Bilal Sunni-Ali
Ambassador to Belize, Central America
eMail – aob@uniaacl.org

Before he could talk he was listening to the elders talk about our people's struggle and the greatness of the Honorable Marcus Mosiah Garvey. Bilal's early years of conscious struggle was with the Bronx Youth Chapter of the NAACP, and in Harlem with the Nubian-Sankori Cultural workshop.

1966 – In his college years he was a member of SIMBA at Bronx Community College, and an organizer of a NY statewide Black Students Organization which linked nation-ally with SNCC and the Black Student Union Movement. Bilal worked as a cultural worker and teacher in black liberation schoools in Harlem and elsewhere.

1968 – Bilal joined the Black Panther Party for Self-Defense.

1969 thru 1972 – While at Soledad State Prison in California, Bilal was both in the leadership of both the African American Culture and History Group, and the Third World Prisoners Coalition, as well as often called upon to be a guest speaker at Nation of Islam functions. Bilal was cellmates with comrade George McClain, (killed in the August 7th, 1971 Marin County Courthouse) rebellion led by Jonathan Jackson, brother of Comrade George Jackson.

1972 – Upon release Bilal resumed working with the BPPSD and also became a government worker with the Provisional Government of the Republic of New Afrika. Bilal began to consolidate his energies and his work on behalf of Political Prisoners and Prisoners of War through working with the National Committee to Defend Political Prisoners, the National Committee to Defend Assata Shakur and Sundiata Acoli, the National Taskforce Cointel Research and Litigation, and the Political Prisoners Committee of the OPO (Oppressed Peoples' Organization) at Lincoln Detox. Bilal served as a counsellor in the world famous anti-drug program.

Shifting location to New Orleans in the late seventies Bilal served as scout leader of the New Afrikan Scouts, and developed theatre production skills involving himself with preserving, protecting and presenting and advancing New Afrikan culture.

October 1981 – Bilal Sunni-Ali, along with his wife Fulani Sunni-Ali were targeted, hunted and arrested on charges of being invovlved in the infamous October 1981 Nyack NY Brink armoured car incident. After being found not guilty by a majority Afrikan jury, Bilal resumed his work on behalf of political prisoners as Amr of the NationPrison and Gang Program... as part of the Jamaat under the leadership of Imam Jamil Al-Amin, the former H. Rap Brown. In March 2000, following the targeting, hunting and arrest of the Imam, Bilal became the coordinator of the International Committee to Support Imam Jamil Al-Amin, (formerly H. Rap Brown). As such, Bilal began to do work with the International Human Rights Association for American Minorities, a collective of attorneys specializing in International and Human Rights Law.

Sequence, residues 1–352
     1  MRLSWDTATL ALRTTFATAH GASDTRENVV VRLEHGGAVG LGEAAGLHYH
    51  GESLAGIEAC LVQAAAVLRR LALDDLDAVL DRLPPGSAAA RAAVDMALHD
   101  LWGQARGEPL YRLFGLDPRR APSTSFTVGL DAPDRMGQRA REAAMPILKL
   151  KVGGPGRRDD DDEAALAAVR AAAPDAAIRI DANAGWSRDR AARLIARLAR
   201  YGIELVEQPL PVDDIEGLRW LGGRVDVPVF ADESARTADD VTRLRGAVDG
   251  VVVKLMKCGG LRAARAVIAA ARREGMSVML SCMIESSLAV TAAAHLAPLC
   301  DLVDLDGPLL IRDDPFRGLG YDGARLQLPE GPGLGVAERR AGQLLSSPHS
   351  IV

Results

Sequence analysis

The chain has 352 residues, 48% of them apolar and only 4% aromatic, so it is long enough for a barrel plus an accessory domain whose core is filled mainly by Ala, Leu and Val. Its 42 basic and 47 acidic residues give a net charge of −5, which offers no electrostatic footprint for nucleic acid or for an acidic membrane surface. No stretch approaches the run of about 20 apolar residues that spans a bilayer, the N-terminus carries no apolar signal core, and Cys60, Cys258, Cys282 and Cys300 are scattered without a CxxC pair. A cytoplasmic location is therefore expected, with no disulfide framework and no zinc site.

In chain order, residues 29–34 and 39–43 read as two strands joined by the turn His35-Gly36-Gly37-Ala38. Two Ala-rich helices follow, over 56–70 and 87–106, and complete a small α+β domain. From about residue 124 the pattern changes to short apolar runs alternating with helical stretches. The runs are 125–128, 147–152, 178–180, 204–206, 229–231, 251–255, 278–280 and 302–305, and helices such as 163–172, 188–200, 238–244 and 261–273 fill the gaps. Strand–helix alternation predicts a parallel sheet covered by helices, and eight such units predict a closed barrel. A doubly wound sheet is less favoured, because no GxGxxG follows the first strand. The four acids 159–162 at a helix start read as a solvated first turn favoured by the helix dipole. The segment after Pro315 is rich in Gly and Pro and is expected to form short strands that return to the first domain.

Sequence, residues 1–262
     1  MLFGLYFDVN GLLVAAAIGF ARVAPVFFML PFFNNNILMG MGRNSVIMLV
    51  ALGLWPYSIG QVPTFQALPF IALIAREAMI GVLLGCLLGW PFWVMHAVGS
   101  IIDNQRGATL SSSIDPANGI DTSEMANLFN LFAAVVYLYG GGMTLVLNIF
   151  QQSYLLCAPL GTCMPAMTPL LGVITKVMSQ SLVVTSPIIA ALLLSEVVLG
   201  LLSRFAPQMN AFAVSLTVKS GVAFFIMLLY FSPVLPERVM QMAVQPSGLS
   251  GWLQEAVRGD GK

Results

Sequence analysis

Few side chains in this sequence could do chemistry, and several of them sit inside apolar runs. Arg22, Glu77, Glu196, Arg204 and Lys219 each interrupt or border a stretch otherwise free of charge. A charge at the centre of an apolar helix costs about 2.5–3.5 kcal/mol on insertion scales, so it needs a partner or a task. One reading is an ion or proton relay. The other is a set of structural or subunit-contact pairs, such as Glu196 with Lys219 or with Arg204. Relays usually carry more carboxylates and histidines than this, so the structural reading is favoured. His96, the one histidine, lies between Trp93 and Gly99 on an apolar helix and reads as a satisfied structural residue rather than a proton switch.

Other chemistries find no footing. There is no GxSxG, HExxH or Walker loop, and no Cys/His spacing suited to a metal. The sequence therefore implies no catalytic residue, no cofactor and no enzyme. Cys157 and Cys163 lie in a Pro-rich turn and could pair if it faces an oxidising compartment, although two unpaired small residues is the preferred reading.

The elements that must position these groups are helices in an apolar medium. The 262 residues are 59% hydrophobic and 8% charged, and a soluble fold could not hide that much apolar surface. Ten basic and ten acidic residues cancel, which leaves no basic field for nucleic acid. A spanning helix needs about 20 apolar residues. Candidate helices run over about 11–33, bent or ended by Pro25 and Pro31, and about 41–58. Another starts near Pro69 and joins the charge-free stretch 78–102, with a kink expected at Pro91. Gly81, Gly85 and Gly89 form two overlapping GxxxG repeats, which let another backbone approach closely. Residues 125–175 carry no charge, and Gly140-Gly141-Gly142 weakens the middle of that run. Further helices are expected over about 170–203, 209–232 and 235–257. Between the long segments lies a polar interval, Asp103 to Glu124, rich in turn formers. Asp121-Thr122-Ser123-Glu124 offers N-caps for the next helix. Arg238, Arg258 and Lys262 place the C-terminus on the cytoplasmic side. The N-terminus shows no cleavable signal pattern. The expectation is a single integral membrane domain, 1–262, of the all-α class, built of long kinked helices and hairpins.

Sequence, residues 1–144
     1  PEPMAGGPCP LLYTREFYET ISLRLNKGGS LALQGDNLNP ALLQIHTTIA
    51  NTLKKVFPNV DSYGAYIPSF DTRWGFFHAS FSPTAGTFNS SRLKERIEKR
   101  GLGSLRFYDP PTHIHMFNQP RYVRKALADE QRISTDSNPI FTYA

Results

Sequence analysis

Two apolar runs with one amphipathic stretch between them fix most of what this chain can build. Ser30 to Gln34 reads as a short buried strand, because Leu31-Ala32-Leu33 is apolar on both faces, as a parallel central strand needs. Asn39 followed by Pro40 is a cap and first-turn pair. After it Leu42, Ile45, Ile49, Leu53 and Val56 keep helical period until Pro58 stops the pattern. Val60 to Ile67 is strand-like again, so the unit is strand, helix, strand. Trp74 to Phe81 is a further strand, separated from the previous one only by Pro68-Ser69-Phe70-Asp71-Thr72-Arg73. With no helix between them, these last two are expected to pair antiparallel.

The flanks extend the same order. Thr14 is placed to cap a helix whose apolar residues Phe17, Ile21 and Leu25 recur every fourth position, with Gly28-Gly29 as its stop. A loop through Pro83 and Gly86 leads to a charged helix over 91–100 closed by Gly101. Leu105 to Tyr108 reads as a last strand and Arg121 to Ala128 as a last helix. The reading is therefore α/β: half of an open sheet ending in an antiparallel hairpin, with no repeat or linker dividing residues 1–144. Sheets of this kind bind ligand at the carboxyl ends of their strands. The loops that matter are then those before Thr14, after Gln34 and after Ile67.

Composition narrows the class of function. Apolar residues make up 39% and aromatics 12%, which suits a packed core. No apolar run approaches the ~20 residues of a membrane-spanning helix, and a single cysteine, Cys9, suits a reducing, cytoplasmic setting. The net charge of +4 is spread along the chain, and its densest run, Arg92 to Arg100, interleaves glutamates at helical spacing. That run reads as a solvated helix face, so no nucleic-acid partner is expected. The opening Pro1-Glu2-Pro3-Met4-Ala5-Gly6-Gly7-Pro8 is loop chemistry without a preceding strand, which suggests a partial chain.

Bilal was appointed to the post of Political Prisoners Commissioner for the Indigenous African-american Reparations Tribunal – an indigenous new afrikan (african-american) legal forum developed and put forward by IHRAAM.

December 2006 – Bilal's wife, Fulani Sunni-Ali, represented the PG-RNA in a delegation to Belize of UNIA-ACL officials to claim land willed to the UNIA/ACL by the late Isaiah Mortar. Bilal and Fulani have since relocated to Belize, Central America to develop a Healing Arts Center as a tangible part of an independent sustainable living community of New Afrikans from north amercia ,and Afrikans from throughout the Afrikan diaspora. Bilal had traced his lineage through his grandparents on his father's side to the Garifuna (nation without borders) in Roatan, Honduras, and the Bluff, Nicaragua.

July 2011 – Bilal Sunni-Ali was appointed to the post of Cultural Abassador to Belize by the Honorable Senghor Baye – President-General of the Government of the UNIA-ACL.

eMail – ambbelize@uniaacl.org